If minPoolSize=5 then each MongoClient would create 18 connections (using the formula (minPoolSize + 1) x nodes)

MongoDB Server 4.4 and later (Streaming Monitoring)

Starting with MongoDB 4.4, MongoDB Drivers would begin using a streaming protocol to perform server monitoring - assuming those Drivers were compatible with MongoDB 4.4. The goal of this new protocol was to ensure connected applications could discover topology changes in as close to realtime as possible.

As the polling protocol only polled at fixed intervals, it was possible for topology changes to go undiscovered for upwards of 10 seconds. The streaming protocol would “push” updates from the server to the clients, as opposed to the previous “pull” model, which allowed applications to update their view of the cluster far more quickly.

Similar to the polling protocol, a dedicated monitor thread (m1) will be opened per host, as well as 1 or more connections in the connection pool (p1). Further to these connections though a third connection (r1) is opened per node for measuring RTT (round trip time). This is needed as the monitor thread is open and listening once established, and will only receive updates from the server as they occur. Measuring RTT require the measurement of the time taken for an operation to travel from the client to the server and back, which the streaming monitor no longer provides.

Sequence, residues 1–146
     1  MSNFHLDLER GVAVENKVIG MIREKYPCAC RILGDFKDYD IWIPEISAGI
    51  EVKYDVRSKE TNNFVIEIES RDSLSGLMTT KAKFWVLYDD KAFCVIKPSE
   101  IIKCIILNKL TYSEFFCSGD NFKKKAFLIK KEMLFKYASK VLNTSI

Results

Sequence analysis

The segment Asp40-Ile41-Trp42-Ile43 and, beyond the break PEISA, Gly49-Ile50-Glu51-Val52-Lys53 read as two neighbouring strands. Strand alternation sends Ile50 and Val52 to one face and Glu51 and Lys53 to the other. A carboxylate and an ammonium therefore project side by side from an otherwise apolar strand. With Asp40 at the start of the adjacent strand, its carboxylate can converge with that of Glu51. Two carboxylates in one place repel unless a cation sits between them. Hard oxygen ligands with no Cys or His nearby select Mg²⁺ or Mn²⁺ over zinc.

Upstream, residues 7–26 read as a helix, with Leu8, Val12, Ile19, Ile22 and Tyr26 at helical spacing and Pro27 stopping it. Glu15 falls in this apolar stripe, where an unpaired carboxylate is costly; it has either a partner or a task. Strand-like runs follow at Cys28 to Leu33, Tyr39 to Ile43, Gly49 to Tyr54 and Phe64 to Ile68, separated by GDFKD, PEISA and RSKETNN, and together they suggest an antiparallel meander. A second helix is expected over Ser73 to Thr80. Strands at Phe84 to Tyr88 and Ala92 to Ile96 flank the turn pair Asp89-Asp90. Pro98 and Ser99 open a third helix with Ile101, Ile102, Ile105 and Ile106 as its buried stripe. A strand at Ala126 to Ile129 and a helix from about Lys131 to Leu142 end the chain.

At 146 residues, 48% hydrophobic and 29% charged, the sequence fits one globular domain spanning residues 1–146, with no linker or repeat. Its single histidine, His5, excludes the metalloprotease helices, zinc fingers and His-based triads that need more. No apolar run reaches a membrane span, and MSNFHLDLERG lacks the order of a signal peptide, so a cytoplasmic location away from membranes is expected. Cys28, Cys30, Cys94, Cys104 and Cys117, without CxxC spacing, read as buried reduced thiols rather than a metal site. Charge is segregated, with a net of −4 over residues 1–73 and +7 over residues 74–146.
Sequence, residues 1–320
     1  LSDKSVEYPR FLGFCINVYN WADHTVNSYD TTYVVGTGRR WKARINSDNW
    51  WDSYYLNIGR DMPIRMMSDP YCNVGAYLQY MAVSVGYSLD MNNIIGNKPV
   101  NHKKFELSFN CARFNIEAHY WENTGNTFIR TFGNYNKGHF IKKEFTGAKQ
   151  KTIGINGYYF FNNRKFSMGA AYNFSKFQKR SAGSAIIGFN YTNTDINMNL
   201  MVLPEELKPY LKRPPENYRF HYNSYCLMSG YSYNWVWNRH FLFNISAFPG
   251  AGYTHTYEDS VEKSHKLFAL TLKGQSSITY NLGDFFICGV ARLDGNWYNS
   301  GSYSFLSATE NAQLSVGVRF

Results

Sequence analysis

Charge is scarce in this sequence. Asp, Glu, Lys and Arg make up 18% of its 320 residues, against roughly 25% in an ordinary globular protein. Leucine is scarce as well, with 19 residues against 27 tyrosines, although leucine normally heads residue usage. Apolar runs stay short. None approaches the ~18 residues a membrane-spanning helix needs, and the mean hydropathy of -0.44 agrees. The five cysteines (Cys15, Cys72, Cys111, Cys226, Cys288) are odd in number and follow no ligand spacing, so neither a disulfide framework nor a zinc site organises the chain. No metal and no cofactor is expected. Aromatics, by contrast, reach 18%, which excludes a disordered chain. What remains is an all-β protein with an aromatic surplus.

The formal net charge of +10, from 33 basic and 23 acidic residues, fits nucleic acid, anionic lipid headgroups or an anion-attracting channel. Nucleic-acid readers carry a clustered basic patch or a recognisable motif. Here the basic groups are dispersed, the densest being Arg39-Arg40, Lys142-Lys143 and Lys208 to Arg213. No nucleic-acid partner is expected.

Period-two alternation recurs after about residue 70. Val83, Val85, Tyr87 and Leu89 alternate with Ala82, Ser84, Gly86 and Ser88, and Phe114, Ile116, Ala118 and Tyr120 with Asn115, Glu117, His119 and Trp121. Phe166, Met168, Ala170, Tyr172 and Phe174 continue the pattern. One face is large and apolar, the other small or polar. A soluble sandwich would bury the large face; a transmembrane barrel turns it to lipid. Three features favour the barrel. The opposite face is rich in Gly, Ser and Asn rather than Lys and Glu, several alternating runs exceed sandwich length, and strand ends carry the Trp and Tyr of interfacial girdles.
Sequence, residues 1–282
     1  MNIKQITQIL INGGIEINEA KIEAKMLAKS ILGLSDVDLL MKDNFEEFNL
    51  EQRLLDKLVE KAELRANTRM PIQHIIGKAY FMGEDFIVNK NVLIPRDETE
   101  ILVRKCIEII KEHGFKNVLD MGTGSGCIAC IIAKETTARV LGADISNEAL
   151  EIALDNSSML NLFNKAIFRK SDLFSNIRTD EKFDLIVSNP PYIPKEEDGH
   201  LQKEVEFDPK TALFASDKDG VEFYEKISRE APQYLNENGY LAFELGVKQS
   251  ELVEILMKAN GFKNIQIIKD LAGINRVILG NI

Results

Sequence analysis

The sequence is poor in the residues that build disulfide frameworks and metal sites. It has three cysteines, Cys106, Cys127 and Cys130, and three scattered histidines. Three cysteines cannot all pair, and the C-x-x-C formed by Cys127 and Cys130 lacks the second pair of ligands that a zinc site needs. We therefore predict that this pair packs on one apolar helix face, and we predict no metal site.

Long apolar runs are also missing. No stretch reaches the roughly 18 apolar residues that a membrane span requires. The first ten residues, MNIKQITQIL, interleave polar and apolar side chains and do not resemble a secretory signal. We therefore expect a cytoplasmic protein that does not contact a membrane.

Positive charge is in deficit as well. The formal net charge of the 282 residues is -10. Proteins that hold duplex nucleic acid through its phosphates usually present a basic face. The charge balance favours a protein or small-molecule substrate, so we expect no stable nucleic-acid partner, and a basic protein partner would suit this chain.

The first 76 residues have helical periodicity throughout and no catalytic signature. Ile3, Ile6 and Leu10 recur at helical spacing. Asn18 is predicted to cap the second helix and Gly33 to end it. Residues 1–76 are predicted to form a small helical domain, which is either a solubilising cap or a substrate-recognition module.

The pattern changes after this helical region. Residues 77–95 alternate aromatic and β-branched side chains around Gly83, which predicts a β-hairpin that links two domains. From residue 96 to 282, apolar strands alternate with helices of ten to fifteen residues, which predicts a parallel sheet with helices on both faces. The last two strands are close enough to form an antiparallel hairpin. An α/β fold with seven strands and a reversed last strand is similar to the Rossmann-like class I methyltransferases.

Assuming a cluster with 3 nodes, each MongoClient instance would create 9 connections.

If minPoolSize=5 then each MongoClient would create 21 connections (using the formula (minPoolSize + 2) x nodes)

What if I’m using AWS Lambda?

Depending on your application’s architecture, it’s possible to blow past your connection limits pretty quickly. This is one reason why the documented guidance for managing connections with AWS Lambda has the first bullet point of “Define the client to the MongoDB server outside the AWS Lambda handler function.

If each Lambda function were to connect to a MongoDB 4.4+ cluster using a connection string of mongodb+srv://xxx.mongodb.net/?minPoolSize=5 and the cluster only had 3000 connections configured, within 150 near-concurrent function executions the cluster could potentially reach the connection limit! This is obviously an extreme scenario, but is meant to help illustrate the impact creating many MongoClient instances can potentially have on your cluster.

I plan on going into much more detail regarding AWS Lambda and MongoDB connection behavior in a future article.

  1. The MongoDB C driver has two connection modes: single-threaded and pooled. Single-threaded mode is optimized for embedding the driver within languages like PHP. Multi-threaded programs should use pooled mode: this mode minimizes the total connection count, and in pooled mode background threads monitor the MongoDB server topology, so the program need not block to scan it. 

  2. MongoClients created using a DNS Seed List connection string can poll the SRV record to discover additional mongos 

  3. Polling interval can be configured via the heartbeatFrequencyMS URI option, but must be more than the minHeartbeatFrequencyMS of 500ms. In MongoDB Atlas environments the heartbeatFrequencyMS is lowered from the default (10000) to 5000. 

This post is licensed under CC BY 4.0 by the author.